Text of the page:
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Event Report

Maryland: Be a Leader on Global Warming Solutions

Annapolis, MD

November 3, 2007

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For full size pictures click on any picture below.

By:Cherie Yelton

There was an African tiger, a coral reef, a Komodo dragon,and a wee skunk. There was a "kid from Atlanta who is running out of drinking water" and a Canadian hockey player whose lakes aren't freezing up in winters anymore. This is how Broadneck High School students interpreted their mission to "dress up as an endangered species" and come out to ask Gov. O'Malley and the Maryland legislature to pass this Global Warming Solutions Act in the upcoming session.

Dave Prosten, chair of the Sierra Club Arundel Chapter emceed the event. City Alderman Sam Shropshire, sponsor of the Annapolis plastic bag ban, spoke about measures the City has taken to "green up" their operations. Karen Jennings, Green Party candidate for Alderman gave a scientific perspective of global warming's effects on the state.

After taking the main photo, about 10 people walked through the streets of Annapolis' Historic District and drew chalk lines where a 20" sea level rise will fall. The high schoolers had a great time standing on the street showing their signs to passing motorists: "Step It Up" and "Honk if You're Thinking Green." Even a hummer honked in agreement!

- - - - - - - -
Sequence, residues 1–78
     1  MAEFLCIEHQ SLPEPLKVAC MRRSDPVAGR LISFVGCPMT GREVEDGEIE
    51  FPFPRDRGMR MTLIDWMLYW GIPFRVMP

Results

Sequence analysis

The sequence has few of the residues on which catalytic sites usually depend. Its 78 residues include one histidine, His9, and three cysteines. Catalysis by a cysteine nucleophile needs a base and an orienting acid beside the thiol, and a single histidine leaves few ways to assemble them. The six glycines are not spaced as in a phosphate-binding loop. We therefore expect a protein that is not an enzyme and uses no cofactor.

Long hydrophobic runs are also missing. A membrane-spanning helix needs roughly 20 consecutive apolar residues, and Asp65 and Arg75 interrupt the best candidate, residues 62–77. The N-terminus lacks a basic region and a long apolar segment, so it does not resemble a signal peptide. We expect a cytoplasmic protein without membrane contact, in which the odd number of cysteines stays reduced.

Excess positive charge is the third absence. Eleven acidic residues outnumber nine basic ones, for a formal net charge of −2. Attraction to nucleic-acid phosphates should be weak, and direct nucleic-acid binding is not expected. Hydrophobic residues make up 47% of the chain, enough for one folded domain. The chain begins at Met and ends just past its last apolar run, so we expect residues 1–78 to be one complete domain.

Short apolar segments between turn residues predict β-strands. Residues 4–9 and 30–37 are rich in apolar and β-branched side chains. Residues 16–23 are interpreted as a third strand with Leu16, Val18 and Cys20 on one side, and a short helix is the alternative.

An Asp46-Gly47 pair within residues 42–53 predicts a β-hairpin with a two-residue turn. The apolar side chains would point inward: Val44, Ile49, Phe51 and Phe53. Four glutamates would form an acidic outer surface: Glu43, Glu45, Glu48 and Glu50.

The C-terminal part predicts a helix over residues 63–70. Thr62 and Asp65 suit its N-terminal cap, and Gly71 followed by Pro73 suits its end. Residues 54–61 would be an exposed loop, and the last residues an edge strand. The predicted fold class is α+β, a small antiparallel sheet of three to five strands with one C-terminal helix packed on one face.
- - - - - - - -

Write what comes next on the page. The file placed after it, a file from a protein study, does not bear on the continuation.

Step It Up Maryland - Pass the Global Warming Solutions Act this year!
This is the where the shores of Spa Creek will be with a projected 20-foot sea level rise.
The Broadneck High School Environmental Club dresses up as their favorite endangered species.

By:E. Kathleen Linville

Upper Marlboro, MD
My event wasn't publicized beforehand, because it wasn't certain that we could have it. My church was having its annual fundraiser (dinner and bazaar) on Nov. 3, and there wasn't room for me to have a table there (and I had to help with the food, etc.) So on Nov. 4, I spoke to about 50 people after church about global climate change, and got 47 of them to sign postcards and petitions to Governor O'Malley to "become a national leader on global warming solutions by committing Maryland to reduce its global warming pollution 20% by 2020 and 80% by 2050." This was an effort by Chesapeake Climate Action Network, who had led a town hall meeting in Annapolis the week before. My audience was receptive, asked a lot of questions, and our church will have future meetings. I plan to urge them to join GWIPL (Greater Washington Power and Light).